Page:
2 adjustments Cleveland Cavaliers must make to steal Game 1 from Boston Celtics

Entering Round 2 as heavy underdogs, the Cleveland Cavaliers must adjust to limit the Boston Celtics and maximize their potential.
Cleveland Cavaliers v Chicago Bulls
Cleveland Cavaliers v Chicago Bulls / Michael Reaves/GettyImages
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The Cleveland Cavaliers begin their Second Round series against the Boston Celtics on the road, entering TD Garden as heavy underdogs for the game and series.

Despite ending the Orlando Magic's season, the Cavaliers still are haunted by their lingering flaws and occasional regression to bad habits and repetitive offensive design. In the regular season, the Cavs never faced the Celtics fully healthy all game and only one once out of three games behind a Dean Wade masterclass in the fourth quarter.

With the league's best record through 82 games, the Celtics entered the postseason favored to win the conference. The Cavaliers are viewed as another hurdle along the way, and Cavs superstar Donovan Mitchell is aware of this perspective.

"For us coming into Boston, I'm pretty sure everybody thinks they're going to come in and kick our ass. So for us to continue to stay levelheaded throughout and not listen to y'all [the media] and just be who we are, that's the biggest thing."

Donovan Mitchell

His comments highlight the mature leadership he has displayed since joining the Cavaliers, a mentality and role the team needed as they build toward the next generation of Cleveland basketball greatness. For all of his words and historic playoff performances, the Cavaliers must follow through and battle tooth and nail against the Celtics even to make the series competitive. Boston knows how to win, and the Cavs enter the series with one day off and questions surrounding Jarrett Allen's return from injury.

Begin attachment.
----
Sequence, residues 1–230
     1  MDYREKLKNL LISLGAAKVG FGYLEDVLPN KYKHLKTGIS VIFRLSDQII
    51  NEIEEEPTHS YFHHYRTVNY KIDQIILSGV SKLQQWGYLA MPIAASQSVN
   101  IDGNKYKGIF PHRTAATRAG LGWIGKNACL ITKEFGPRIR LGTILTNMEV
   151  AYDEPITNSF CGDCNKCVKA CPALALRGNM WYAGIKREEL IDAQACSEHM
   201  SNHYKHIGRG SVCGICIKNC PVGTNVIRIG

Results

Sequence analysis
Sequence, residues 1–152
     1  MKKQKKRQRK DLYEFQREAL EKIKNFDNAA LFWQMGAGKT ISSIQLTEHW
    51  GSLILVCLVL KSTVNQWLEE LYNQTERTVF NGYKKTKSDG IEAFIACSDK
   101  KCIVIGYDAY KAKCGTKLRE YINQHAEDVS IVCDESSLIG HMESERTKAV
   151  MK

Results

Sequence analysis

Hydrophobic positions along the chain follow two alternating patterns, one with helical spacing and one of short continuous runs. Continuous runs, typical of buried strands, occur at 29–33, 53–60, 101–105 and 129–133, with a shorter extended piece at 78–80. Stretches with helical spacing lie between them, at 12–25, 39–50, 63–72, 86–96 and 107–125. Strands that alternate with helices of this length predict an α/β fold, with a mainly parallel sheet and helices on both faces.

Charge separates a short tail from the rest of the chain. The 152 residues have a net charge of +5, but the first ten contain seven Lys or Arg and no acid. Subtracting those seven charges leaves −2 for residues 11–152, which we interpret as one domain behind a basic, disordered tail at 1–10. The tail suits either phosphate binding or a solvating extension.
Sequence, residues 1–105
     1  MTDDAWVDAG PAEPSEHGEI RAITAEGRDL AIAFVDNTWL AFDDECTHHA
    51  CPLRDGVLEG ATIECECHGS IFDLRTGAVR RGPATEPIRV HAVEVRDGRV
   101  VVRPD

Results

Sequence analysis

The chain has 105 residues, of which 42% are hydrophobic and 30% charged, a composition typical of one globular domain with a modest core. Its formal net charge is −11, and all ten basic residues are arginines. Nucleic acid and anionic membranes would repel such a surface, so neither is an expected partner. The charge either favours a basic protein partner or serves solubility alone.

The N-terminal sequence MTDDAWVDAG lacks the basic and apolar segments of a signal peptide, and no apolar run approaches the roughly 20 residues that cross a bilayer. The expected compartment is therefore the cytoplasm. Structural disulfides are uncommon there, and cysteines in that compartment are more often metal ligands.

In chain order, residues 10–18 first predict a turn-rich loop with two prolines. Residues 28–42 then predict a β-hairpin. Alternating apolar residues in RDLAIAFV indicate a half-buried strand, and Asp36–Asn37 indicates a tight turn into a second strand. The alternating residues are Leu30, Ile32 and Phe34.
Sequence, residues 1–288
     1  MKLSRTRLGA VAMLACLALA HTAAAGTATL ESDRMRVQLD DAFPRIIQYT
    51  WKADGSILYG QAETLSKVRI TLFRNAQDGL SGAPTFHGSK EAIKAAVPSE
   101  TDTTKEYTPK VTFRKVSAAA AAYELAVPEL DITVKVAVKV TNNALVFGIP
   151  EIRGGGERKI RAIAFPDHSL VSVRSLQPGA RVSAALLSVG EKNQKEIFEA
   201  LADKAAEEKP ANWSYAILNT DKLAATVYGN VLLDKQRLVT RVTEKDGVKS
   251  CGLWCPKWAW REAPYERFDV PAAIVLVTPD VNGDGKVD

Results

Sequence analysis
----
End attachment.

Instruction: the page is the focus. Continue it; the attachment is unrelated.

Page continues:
If the Cavaliers hope to win the series, they must enter Game 1 with a new look and take Boston by surprise. This task falls to Cavs coach J.B. Bickerstaff, whose reputation as a playoff coach is still underwhelming at best. Cleveland has shown they have the tools to succeed and the depth to elevate their starters. In Round 1, the Cavs' bench fell behind their expected production. Bickerstaff took responsibility for sixth man Caris LeVert's poor series, but he cannot enter the Eastern Semifinals without answers for the bench's regression.

Adjustment No. 1 - Pair Sam Merrill with Donovan Mitchell

In the first round, Donovan Mitchell and flamethrower Sam Merrill only played a total of 17 minutes together. Merrill's best two-man lineup during the regular season with at least 100 minutes together was himself and Mitchell, recording a 9.4 net rating. When the Cavaliers lost Darius Garland and Evan Mobley to lengthy injuries, they leaned on their bench shooting and a high-octane offense to overcome opponents.

Since Garland's return, Merrill has rarely seen the court. Merrill and Garland spent more time on the court together than Merrill and Mitchell, but they ended with a poor -2.7 net rating. This has kept the sharpshooter from developing the same level of chemistry on the court with Garland as he has created with Mitchell.

Against the Celtics, the Cavaliers are bound to be in a shootout from the opening tip. The Celtics recorded and made the most three-pointers of any team in the NBA this season. Even with Kristaps Porzingis unlikely to return to action in this series, Boston will look to punish any late perimeter rotations from the Cavs. The Celtics are only going to miss so many times before they go on a streak from the arc. If the Cavaliers hope to keep pace, they need to put out their best shooting lineups, and those include Mitchell and Merrill together.

From pin down actions and a game of hot potato with each other as they go past constant screens by Allen or Mobley, Mitchell and Merill often find open shots for one another and pester the opposing defense. With Jrue Holiday and Derrick White leading the Boston backcourt rotation, the Cavs' best chance to score from deep will come from Merrill's lightning fast release and Mitchell's quick decision making.

Merrill is not the defender Isaac Okoro is, but putting him next to Mitchell and three versatile defenders allows him to focus on what makes him special - shooting and more shooting. The Cavaliers need to emphasize their versatile options on offense. Sam does not need to average 25 or more minutes per game. In Game 7, he spurred a second quarter comeback with eight quick points in just 11 minutes all game. Unsurprisingly, one of Merrill's two three-pointers came from a decisive Mitchell assist. A quick jolt of life from Merrill might be exactly what the Cavaliers need to build momentum and snowball into stealing Game 1 from the Celtics.